The Asian longhorned beetle (Anoplophora glabripennis) is a wood-boring beetle believed to have been introduced into the U.S. on wood pallets and wood packing material in cargo shipments from Asia (the beetle’s native range includes China and Korea). Asian longhorned beetle (ALB) larvae bore through wood of a wide variety of hardwood species, most notibly maples, elm, horsechestnut, willow, sycamore and birch. ALB boring phsycially weakens the trees and disrupts sap flow. Branches with boring damage are more likely to break off, creating a public saftey hazard. Trees will eventually be killed by ALB boring damage.
ALB was first discovered in the US in 1996 on several hardwood trees in Brooklyn, NY. Additional infestations were found in Long Island, Manhattan and Queens. In 1998, the beetle was discovered in Chicago, IL. Asian Longhorned beetles were later found in Jersey City, NJ, in 2002 and in Middlesex and Union counties, NJ, in 2004. In 2007 the insect’s NYC range was found to extend to Staten Island and Prall’s Island in the Hudson River. To our north, the beetle was discovered in Toronto, Canada, in 2003. In 2008, a large number of Asian longhorned beetles were discovered in and around Worcester, MA in urban and rural forests. In 2011, ALB was found in Tate Township Ohio.
To view maps of all current quarantine and infestation zones visit the USDA APHIS ALB Page.
Asian longhorned beetle adults can reach 1½ inch in length with very long antennae (reaching up to twice the length of the insect’s body). The beetle is shiny black with small, irregular white markings on its body and antennae. Adult Asian longhorned beetles are active during the summer and early-autumn months. After mating, females deposit their eggs in depressions chewed into the bark of hardwood trees (females can lay 35 to 90 eggs in a season). After hatching (typically 10-15 days), beetle larvae feed by tunneling under the tree bark into the cambium (fresh sapwood) for several weeks. The larvae then tunnel into the xylem (heartwood) were they feed through the winter, forming galleries in the trunk and branches of infested trees. Adult beetles chew their way out through round holes approximately 3/8 inch in diameter, emerging from June through October (presence of the adult emergence can often be detected from sawdust around and beneath these holes, and by sap oozing from the holes).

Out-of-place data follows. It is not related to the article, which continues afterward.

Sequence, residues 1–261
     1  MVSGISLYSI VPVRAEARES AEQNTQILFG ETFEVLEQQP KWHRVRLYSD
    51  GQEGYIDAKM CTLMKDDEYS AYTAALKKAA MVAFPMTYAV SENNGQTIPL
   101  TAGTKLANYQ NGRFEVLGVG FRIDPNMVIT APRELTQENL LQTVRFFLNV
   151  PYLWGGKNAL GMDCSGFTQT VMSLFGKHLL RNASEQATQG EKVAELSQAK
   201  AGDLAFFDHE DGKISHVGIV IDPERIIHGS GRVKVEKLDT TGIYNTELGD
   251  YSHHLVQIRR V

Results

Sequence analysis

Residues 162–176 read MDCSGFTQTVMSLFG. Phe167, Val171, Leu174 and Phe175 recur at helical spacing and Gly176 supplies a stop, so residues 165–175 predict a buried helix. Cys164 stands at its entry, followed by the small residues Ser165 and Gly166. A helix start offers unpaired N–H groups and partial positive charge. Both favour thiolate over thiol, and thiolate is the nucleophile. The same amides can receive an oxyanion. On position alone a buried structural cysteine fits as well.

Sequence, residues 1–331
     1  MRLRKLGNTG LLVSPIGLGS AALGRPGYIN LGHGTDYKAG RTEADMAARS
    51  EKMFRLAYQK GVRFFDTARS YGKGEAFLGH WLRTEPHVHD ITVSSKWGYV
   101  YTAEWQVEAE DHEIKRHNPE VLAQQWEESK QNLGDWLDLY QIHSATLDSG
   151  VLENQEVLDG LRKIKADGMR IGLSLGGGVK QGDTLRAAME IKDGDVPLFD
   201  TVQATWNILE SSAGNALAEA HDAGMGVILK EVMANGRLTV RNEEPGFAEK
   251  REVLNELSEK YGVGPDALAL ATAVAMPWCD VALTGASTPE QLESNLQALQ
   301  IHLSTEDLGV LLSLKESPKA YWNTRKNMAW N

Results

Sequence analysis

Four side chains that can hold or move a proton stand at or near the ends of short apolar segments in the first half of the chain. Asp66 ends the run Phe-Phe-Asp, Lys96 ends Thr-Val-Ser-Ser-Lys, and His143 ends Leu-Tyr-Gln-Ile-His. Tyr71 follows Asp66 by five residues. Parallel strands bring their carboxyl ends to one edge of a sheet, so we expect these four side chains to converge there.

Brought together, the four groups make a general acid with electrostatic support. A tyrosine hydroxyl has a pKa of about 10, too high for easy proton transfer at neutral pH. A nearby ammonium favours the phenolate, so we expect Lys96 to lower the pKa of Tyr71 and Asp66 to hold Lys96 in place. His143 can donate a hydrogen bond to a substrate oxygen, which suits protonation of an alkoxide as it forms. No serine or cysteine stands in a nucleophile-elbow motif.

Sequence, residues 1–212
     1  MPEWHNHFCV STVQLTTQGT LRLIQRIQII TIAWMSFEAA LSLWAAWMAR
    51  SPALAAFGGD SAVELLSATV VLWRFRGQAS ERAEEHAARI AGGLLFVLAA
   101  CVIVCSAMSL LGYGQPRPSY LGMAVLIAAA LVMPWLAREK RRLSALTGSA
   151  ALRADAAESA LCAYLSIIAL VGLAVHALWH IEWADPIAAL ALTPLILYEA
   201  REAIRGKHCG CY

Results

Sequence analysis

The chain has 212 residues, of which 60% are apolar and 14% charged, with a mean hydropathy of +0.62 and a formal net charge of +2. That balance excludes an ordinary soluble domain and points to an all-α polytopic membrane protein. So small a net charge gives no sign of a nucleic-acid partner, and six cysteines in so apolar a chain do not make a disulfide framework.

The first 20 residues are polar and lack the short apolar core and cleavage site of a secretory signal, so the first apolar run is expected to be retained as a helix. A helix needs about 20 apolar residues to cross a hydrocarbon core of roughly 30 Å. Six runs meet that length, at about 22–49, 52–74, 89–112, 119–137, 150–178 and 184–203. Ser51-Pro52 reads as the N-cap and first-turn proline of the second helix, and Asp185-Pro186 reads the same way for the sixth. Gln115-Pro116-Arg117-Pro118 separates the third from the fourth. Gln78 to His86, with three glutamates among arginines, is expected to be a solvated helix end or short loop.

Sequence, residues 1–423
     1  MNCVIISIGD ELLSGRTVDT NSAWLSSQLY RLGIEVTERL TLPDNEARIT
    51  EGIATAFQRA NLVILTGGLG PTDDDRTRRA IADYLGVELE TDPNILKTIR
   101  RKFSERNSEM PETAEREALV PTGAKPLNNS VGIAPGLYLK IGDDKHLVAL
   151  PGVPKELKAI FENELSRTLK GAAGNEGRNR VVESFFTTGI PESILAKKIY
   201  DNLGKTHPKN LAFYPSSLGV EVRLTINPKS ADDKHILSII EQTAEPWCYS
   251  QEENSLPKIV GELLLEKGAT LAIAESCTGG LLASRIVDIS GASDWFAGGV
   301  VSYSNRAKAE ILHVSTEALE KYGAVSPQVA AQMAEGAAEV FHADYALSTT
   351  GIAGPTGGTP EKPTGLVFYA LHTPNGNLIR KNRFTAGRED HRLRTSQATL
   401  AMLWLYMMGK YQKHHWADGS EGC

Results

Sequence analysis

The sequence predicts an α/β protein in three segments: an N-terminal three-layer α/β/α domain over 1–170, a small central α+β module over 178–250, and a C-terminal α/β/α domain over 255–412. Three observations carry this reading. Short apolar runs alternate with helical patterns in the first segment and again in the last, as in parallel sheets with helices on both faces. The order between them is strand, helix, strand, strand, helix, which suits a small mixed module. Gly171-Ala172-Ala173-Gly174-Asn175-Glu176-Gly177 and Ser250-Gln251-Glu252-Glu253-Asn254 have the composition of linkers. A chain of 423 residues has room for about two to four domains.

Asian longhorned beetles prefer such hardwood trees as: red maple (Acer rubrum), sugar maple (Acer saccharum), boxelder (Acer negundo), Norway maple (Acer plantanoindes), sycamore maple (Acer pseudoplatanus), silver maple (Acer saccharinum), horsechestnut (Aesculus hippocastanum), willows (Salix spp.), and American elm (Ulmus Americana). They will also attack birches (Betula spp.) and sycamores (Platanus spp.).
Asian longhorned beetle gallery development and exit holes weaken the integrity of infested trees and can eventually result in death of severely infested trees. It is theorized that if the beetle spreads beyond its current North American range, millions of acres of hardwoods could be killed, potentially causing more damage than the combined impact of Dutch elm disease, chestnut blight, and gypsy moths. National and State forests, parks,and private backyards could be impacted, as could such forest dependent industries as lumber, maple syrup, house and furniture manufacturing, and commercial horticulture nursery stock.